Year in Review (2021)

I continue to do less and less each year due to the dual woes of raising a toddler and navigating a pandemic. I also took three months off work this summer and I didn't much feel like doing anything tech then!

I suspect that 2022 won't be much more productive, but maybe in 2023 (when my toddler has aged out of being a toddler, and COVID is hopefully less in our minds) I'll start picking things back up again.


  • A Warning Regarding Android App Startup with Multiprocess Apps

    A small note on a niche problem. I write these posts in the hopes that someday someone else will save a bit of time by Googling the right keywords and finding their way here.

  • RxJava vs. Coroutines

    With the coming of Kotlin Flow, I decided to really evaluate a question many have posed to me: what do I think of RxJava vs. Flow? Almost a year later, I still stand by everything I wrote here, especially the conclusion - even though I think coroutines will do better in the long run, there is a lot of mistakes to be made before we master it.

  • Stop Nitpicking in Code Reviews

    A post about a big change I made in my development life: no longer nitpicking code reviews. I got some pushback here, but no one convinced me that going back to be an annoying twat in code reviews is actually beneficial to a team.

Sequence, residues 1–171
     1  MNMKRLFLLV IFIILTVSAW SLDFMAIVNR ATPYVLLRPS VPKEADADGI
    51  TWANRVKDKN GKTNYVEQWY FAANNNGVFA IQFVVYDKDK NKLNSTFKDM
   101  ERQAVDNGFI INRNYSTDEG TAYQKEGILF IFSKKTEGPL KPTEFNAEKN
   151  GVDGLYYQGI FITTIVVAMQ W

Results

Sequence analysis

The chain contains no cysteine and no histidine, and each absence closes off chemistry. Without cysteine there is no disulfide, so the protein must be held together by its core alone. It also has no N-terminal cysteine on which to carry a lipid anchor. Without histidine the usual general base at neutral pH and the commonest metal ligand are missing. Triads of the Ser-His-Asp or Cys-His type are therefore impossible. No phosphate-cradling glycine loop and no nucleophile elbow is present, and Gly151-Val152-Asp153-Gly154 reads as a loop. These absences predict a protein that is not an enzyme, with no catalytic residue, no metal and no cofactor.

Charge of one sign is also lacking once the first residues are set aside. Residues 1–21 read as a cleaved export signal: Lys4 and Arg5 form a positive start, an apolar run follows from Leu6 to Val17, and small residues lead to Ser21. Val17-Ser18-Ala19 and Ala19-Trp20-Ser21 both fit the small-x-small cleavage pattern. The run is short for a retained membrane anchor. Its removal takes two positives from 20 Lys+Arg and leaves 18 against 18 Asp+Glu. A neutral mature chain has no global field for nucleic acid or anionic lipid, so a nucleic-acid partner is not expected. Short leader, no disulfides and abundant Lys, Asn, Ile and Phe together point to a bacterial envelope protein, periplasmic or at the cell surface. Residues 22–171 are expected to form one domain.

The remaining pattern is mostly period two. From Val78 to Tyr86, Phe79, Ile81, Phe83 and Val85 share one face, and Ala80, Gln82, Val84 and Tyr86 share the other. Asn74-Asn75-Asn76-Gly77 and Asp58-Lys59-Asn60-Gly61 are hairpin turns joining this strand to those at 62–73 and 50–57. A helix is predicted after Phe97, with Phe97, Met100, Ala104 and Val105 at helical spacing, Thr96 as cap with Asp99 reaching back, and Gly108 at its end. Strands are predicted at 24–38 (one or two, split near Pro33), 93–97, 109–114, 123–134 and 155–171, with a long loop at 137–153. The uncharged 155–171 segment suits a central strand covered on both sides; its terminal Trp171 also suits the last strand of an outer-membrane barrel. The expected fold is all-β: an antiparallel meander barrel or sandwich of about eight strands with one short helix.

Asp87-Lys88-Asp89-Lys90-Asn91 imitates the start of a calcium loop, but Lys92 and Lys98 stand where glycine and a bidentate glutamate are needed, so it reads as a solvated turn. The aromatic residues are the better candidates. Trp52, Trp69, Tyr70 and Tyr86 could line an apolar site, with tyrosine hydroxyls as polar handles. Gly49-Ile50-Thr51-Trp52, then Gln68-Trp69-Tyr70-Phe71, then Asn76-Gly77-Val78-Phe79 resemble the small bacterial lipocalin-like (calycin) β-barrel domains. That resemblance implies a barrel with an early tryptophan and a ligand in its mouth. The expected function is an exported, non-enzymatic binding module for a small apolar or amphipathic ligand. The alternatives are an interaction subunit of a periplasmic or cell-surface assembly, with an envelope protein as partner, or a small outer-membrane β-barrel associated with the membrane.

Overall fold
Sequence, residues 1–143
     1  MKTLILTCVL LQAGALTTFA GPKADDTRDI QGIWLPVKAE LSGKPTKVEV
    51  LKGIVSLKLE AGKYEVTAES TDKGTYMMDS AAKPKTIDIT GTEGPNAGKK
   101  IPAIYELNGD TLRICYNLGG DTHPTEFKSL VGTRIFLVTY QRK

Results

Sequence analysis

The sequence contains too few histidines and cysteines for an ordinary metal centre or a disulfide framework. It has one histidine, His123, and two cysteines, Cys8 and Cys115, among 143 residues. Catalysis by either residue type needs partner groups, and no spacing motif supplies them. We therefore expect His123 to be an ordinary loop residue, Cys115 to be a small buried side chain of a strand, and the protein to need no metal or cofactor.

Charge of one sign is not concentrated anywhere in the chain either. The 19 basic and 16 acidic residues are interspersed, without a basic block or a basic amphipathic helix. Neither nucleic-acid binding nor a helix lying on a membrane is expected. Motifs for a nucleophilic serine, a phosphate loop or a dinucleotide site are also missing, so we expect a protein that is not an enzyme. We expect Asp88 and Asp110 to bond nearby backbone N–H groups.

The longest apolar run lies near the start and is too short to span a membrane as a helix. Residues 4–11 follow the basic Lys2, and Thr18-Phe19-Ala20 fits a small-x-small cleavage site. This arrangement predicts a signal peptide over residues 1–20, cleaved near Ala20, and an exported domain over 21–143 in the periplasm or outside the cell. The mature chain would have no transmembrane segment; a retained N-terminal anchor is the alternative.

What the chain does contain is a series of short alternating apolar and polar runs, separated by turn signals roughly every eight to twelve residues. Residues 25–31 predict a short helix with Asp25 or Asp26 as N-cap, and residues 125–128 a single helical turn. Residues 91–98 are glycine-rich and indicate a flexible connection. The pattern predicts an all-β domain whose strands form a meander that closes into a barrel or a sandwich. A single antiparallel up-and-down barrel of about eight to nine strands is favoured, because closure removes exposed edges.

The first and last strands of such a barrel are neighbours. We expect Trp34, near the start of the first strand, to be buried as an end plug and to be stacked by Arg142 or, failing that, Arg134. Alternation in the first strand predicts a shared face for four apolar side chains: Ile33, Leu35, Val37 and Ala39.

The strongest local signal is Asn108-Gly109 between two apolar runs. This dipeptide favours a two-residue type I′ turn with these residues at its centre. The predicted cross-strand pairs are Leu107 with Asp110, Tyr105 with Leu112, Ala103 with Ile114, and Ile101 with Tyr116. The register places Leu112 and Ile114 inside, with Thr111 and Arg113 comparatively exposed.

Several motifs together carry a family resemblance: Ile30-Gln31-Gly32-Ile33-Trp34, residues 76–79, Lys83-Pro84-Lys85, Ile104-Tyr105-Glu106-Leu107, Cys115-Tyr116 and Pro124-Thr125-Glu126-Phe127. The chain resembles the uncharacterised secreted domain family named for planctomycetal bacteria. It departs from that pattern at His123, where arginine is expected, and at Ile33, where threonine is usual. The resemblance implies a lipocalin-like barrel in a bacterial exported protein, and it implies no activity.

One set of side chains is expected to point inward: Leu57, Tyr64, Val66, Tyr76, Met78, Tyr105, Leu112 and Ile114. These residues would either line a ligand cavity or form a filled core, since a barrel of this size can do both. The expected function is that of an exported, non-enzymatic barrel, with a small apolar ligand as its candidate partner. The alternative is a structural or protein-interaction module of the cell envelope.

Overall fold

• Do or do not; there is no tryEmit()

    Simulating RxJava's PublishSubject in coroutines is harder than it looks!

  • The dangers of JSON + default values

    Another niche post about a random problem I ran into around JSON libraries and Kotlin default constructor values.

  • Edina School Board Election (2021)

    I'm making a habit of writing about local elections. No one else is doing it, so my posts tend to rise to the top of Google results quickly! If you want to influence a surprising number of people, write about politics in a way no one else is (because they're so focused on national politics).

  • My Programming Earworms

    I've always wanted to share some of my biggest influences as a developer, so here you are.

  • How Trello Android converted from Gson to Moshi

    Trello Android switched JSON libraries (from Gson to Moshi), and I figured a write-up of the project could be helpful for others doing the same sort of work in the future.


I didn't do any! This is the first year I haven't given a single talk since 2011.

I give talks primarily because I enjoy the experience of crafting and delivering information. Since the pandemic started, I've found that online talks completely guts half of that experience - it feels like talking to myself, or to a wall.

I've got talks in mind I want to give, but they will have to wait until I can give them in person again.


Open Source

  • joda-time-android

    Still maintaining this library after all these years! We still use it at Trello Android (because migration is a pain), and maintaining it is not difficult.